Presidential Elections and the Stock Market : October 5, 2016
As American's get ready to go to the polls next month, many investors are concerned about what the election could mean for their portfolios. Clients often ask us "which candidate will be better for the market?" and "should I lighten up on stocks until after the election?" Well, as John Bogle, founder of Vanguard says, often the best advice to investors is "don't just do something, stand there!" Even if you feel strongly about one party or the other when it comes to politics, when it comes to your portfolio, it tends not to matter which party wins the Oval Office.
The narrative I often hear is that Republican presidents are better for the stock market because they are more business-friendly than Democrats. However, the body of analysis on this is inconclusive. Just Google the topic and you’ll find numerous contradictory studies. It all depends on the time period you select, whether you are comparing just election years vs. the full time a president is in office, and whether you comparing nominal returns or so called “excess returns” (basically return of the stock market minus what you would earn in T-bills or the bank). The reality is that you can pick data that supports almost any narrative, but if you take a more objective look at history you'll find much less predictability than media pundits suggest.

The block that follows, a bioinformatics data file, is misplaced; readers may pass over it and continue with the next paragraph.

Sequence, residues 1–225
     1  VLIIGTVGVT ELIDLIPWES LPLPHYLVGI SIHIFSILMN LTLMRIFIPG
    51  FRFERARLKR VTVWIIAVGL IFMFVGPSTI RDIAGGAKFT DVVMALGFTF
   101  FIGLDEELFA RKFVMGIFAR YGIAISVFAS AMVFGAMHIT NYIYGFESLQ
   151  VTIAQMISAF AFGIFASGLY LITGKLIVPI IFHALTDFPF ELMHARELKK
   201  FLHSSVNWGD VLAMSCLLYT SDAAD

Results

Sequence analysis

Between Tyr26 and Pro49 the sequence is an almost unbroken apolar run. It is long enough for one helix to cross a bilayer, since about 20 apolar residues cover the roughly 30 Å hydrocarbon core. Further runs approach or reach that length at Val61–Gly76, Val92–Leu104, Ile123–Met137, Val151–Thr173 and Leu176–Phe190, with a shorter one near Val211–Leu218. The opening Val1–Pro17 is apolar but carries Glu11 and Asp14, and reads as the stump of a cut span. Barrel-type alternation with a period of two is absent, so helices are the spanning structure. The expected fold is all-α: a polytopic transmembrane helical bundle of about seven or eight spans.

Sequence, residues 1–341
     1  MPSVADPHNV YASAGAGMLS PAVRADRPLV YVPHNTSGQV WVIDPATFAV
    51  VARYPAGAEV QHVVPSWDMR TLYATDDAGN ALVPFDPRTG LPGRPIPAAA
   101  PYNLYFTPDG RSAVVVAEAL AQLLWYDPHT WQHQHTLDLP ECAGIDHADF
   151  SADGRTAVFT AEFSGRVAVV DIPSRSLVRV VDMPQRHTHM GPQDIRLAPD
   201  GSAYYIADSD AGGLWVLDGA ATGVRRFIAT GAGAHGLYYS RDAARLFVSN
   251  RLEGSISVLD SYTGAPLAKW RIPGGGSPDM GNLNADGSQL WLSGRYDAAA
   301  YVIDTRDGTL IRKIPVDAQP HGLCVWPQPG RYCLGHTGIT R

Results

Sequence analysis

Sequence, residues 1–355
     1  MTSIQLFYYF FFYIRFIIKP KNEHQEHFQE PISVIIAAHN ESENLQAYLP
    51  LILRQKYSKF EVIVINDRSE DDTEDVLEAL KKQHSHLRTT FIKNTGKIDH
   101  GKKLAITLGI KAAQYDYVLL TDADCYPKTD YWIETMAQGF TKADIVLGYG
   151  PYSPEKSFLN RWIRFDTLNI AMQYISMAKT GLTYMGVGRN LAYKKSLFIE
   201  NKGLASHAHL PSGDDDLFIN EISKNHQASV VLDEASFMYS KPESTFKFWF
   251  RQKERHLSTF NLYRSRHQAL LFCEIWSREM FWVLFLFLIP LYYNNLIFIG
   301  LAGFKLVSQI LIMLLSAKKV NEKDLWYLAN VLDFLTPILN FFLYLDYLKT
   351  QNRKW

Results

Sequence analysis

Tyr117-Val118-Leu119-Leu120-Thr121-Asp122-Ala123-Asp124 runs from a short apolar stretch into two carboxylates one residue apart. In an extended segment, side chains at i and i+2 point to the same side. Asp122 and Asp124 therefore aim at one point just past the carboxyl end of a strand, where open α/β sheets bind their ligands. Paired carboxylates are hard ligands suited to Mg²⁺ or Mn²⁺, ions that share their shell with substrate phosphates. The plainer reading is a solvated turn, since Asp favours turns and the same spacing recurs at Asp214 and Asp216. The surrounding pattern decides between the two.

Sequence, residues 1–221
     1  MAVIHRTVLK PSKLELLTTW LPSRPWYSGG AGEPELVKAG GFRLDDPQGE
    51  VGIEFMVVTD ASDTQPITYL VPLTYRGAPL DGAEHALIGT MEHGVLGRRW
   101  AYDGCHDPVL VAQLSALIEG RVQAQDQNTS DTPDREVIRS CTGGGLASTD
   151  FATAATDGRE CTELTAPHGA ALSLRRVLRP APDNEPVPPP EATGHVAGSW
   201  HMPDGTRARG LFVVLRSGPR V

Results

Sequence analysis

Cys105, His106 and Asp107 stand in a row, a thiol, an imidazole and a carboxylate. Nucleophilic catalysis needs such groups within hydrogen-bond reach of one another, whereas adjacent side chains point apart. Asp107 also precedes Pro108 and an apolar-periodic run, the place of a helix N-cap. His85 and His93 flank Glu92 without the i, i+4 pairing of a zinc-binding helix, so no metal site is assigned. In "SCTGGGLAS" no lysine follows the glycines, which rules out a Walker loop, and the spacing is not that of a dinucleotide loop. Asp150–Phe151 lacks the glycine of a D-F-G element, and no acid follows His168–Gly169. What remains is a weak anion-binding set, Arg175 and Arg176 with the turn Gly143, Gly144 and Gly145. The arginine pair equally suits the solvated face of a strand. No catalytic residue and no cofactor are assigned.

Here are two charts from Dimensional Fund Advisors that illustrate the relative unpredictability of stock market performance following elections. Exhibit 1 shows the frequency of monthly returns (expressed in 1% increments) for the S&P 500 Index from January 1926 to June 2016. Notice how randomly distributed the red and blue dashes appear, indicating very little correlation of market returns to election results.
Exhibit 2 shows the growth of one dollar invested in the S&P 500 Index over nine decades and 15 presidencies (from Coolidge to Obama). Do you seen any pattern of stock market performance based upon which party holds the Oval Office?
History shows how difficult if not impossible it is to make a predictable connection between elections and the stock market, whether it’s over the short or long term. Granted, this election will be like no other in our history, but it doesn't change our advice to long term investors: you are best served by tuning out the media noise and resisting the temptation to make changes to your investment plan based on predictions around the elections. At best, any positive outcome based on such predictions will likely be the result of luck. At worst, it can lead to costly mistakes.